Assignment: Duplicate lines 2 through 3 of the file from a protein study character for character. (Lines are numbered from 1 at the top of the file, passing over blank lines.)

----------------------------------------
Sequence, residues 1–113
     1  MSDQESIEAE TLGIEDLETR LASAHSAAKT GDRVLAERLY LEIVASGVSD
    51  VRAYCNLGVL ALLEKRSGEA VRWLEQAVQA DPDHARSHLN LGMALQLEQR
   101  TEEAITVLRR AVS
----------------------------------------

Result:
     1  MSDQESIEAE TLGIEDLETR LASAHSAAKT GDRVLAERLY LEIVASGVSD
    51  VRAYCNLGVL ALLEKRSGEA VRWLEQAVQA DPDHARSHLN LGMALQLEQR